20. Low-dose budesonide treatment reduces severe asthma-related events in patients with infrequent asthma symptoms at baseline

    DEFF Research Database (Denmark)

    Reddel, H. K.; Busse, W. W.; Pedersen, Søren

    2015-01-01

    symptoms, evidence is lacking for the benefit of ICS and safety of bronchodilator-only treatment. We investigated asthma outcomes by baseline symptom frequency in a post-hoc analysis of the multinational inhaled Steroid Treatment As Regular Therapy in early asthma (START) study.2 METHODS: Patients aged 4......-66 years with recent-onset mild asthma (11 years] or 200 mug [patients aged 2 symptom days/week; further divided into 0-1, >1-2 symptom days/week). RESULTS: Overall, 7138 patients were included (budesonide, n=3577; placebo, n=3561). At baseline, symptom frequency was 0-1 symptom days/week for 2184 (30......RATIONALE: Inhaled corticosteroids (ICS) are highly effective in low doses for reducing asthma-related exacerbation risk and mortality. Previously, ICS treatment was recommended for patients with 'persistent' asthma, defined by symptoms >2 days/week.1 However, for patients with less frequent...

  1. Impurity profile of bronchodilators used in asthma: A critical review.

    Science.gov (United States)

    Prajapati, Krunal J; Kothari, Charmy

    2017-08-29

    Asthma is defined as a heterogeneous disease usually characterized by chronic airway inflammation (GINA 2016) affecting almost 334 million people worldwide (Global asthma report 2014). Treatment of asthma with a long-acting bronchodilator is important because it reduces the symptoms that occur at night or in the early morning and it is very effective to use as a long term control medication for asthma by preventing asthmatic symptoms. The main objective of this review is to describe the impurity profile and force degradation studies for three major classes of bronchodilators namely β2-adrenoceptor agonists, muscarinic receptor antagonists and xanthine. Unidentified and potential toxic impurities are hazardous to health, so in order to increase the safety of drug therapy; impurities should be identified and determined by selective analytical methods. Different conditions for degradations like hydrolytic (acidic, basic and neutral), oxidative, photolytic and thermolytic have been discussed in detail for bronchodilators. Furthermore, it is discussed with the name along with number of impurities and degradants present in different matrices including its clinical implication. The name as well as structures of all the observed impurities in different bronchodilators is included, which can aid in impurity profiling. Various analytical methods, including Chromatographic techniques like TLC; HPTLC; HPLC; GC, Spectroscopic techniques like UV; IR; NMR; MS and hyphenated techniques like GC-MS; LC-MS; CE-MS; SFC-MS; LC-NMR; CE-NMR; LC-FTIR has been used for the identification and quantification of impurities. A general scheme has been presented for the impurity profiling. Nineteen articles, six patents and fifteen drugs are included in this review. In that, majority (7) of papers are based on HPLC-UV, 5 papers are based on LC-MS, 2 papers are based on LC-MS-NMR, 1 paper is based on LC-NMR, 1 paper is based on GC-MS-NMR, 1 paper is based on GC-UV and 1 paper is based on TLC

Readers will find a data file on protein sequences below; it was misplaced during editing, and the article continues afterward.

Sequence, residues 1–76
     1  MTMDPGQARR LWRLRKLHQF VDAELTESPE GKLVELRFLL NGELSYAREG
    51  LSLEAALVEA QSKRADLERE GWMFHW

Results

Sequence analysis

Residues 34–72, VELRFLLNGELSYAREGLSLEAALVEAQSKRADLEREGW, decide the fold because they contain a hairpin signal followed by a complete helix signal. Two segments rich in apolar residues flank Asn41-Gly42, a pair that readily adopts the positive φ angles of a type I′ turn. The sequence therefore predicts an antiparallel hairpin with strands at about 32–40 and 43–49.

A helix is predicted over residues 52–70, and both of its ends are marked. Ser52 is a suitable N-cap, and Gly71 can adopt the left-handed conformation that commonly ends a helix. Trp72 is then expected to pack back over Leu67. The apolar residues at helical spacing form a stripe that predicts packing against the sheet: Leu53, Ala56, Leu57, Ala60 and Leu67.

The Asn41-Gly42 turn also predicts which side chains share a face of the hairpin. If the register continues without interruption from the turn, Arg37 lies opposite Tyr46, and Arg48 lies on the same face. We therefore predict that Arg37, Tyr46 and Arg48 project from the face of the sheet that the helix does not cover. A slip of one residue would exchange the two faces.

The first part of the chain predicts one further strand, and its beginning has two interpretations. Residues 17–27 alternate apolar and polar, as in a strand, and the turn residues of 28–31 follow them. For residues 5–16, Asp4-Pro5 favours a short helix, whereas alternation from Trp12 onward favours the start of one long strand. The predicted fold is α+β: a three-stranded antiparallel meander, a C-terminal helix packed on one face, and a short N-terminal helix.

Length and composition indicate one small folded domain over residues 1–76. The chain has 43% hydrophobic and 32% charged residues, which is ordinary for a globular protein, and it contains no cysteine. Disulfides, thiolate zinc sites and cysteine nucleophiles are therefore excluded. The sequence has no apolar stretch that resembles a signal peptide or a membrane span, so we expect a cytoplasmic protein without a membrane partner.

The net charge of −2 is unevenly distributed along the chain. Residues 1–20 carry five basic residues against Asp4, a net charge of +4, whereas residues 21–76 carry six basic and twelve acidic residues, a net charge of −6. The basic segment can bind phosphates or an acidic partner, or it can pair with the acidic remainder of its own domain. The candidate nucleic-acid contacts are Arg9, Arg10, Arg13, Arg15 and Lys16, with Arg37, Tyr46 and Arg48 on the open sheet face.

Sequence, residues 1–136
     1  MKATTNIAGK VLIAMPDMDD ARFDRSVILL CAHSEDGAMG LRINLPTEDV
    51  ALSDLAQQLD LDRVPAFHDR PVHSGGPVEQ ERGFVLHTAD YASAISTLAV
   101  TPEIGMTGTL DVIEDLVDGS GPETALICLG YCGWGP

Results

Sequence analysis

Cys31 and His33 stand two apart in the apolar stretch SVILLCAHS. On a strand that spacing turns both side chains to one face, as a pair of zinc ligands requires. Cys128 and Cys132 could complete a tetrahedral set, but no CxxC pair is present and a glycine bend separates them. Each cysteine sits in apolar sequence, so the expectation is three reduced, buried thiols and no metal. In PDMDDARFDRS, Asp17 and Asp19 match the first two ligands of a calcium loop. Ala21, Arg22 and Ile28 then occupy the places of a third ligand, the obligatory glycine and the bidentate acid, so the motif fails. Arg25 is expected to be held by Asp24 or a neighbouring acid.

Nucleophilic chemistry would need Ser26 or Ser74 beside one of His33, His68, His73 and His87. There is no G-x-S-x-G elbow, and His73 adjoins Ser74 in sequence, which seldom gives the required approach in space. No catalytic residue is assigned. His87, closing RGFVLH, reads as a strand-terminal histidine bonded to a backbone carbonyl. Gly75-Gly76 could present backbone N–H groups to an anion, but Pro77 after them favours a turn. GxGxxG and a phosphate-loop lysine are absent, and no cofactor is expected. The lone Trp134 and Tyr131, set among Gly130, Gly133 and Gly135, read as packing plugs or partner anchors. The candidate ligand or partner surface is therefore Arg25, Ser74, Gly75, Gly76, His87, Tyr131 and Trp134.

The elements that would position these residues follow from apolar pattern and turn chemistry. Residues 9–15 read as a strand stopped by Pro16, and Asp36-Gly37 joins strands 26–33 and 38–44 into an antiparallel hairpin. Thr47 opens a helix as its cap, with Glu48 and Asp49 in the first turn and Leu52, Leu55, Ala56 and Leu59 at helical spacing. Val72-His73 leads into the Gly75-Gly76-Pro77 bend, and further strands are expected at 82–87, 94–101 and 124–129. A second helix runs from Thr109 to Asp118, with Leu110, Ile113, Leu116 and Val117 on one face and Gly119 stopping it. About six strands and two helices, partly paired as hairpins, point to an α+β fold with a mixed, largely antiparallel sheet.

2. Relevance of Allergy in Adult Asthma

    Science.gov (United States)

    Mathur, Sameer K.; Viswanathan, Ravi K.

    2014-01-01

    Recent studies on asthma have demonstrated multiple phenotypes of asthma, based on the clinical characteristics of the disease. With the current interest in personalized medicine, the question arises whether the presence of allergic sensitization has any relevance for these phenotypes and the management of asthma. This review will examine the current knowledge of asthma phenotypes and the impact of atopy on asthma diagnosis and severity in adults. In addition, this review will address whether therapies targeted at the atopic axis help improve asthma outcomes, including lung function indices and exacerbations. PMID:24643812

  3. Obesity and asthma: a coincidence or a causal relationship? A systematic review.

    Science.gov (United States)

    Ali, Zarqa; Ulrik, Charlotte Suppli

    2013-09-01

    Epidemiological data has established increasing adiposity as a risk factor for incident asthma. However, the mechanisms underlying the association between obesity and asthma are incompletely understood. In the present paper, we review current knowledge of possible mechanisms mediating the observed association between obesity and asthma. Systematic literature review. Obesity and asthma share some etiological factors, such as a common genetic predisposition and effects of in utero conditions, and may also have common predisposing factors such as physical activity and diet. Obesity results in important changes in the mechanical properties of the respiratory system which could explain the occurrence of asthma. However, there are also plausible biological mechanisms whereby obesity could be expected to either cause or worsen asthma. These include co-morbidities such as gastro-oesophageal reflux, complications from sleep-disordered breathing, breathing at low lung volumes, chronic systemic inflammation, and endocrine factors, including adipokines and reproductive hormones. Obesity related asthma is in general not associated with eosinophilic airway inflammation, and adipokines are likely to play important roles in the inflammatory pathogenesis of asthma in obese individuals. The association between obesity and asthma is not straightforward, and further knowledge is clearly needed, as understanding the underlying mechanisms may lead to new therapeutic options for this high-risk part of the asthma population. Copyright © 2013 Elsevier Ltd. All rights reserved.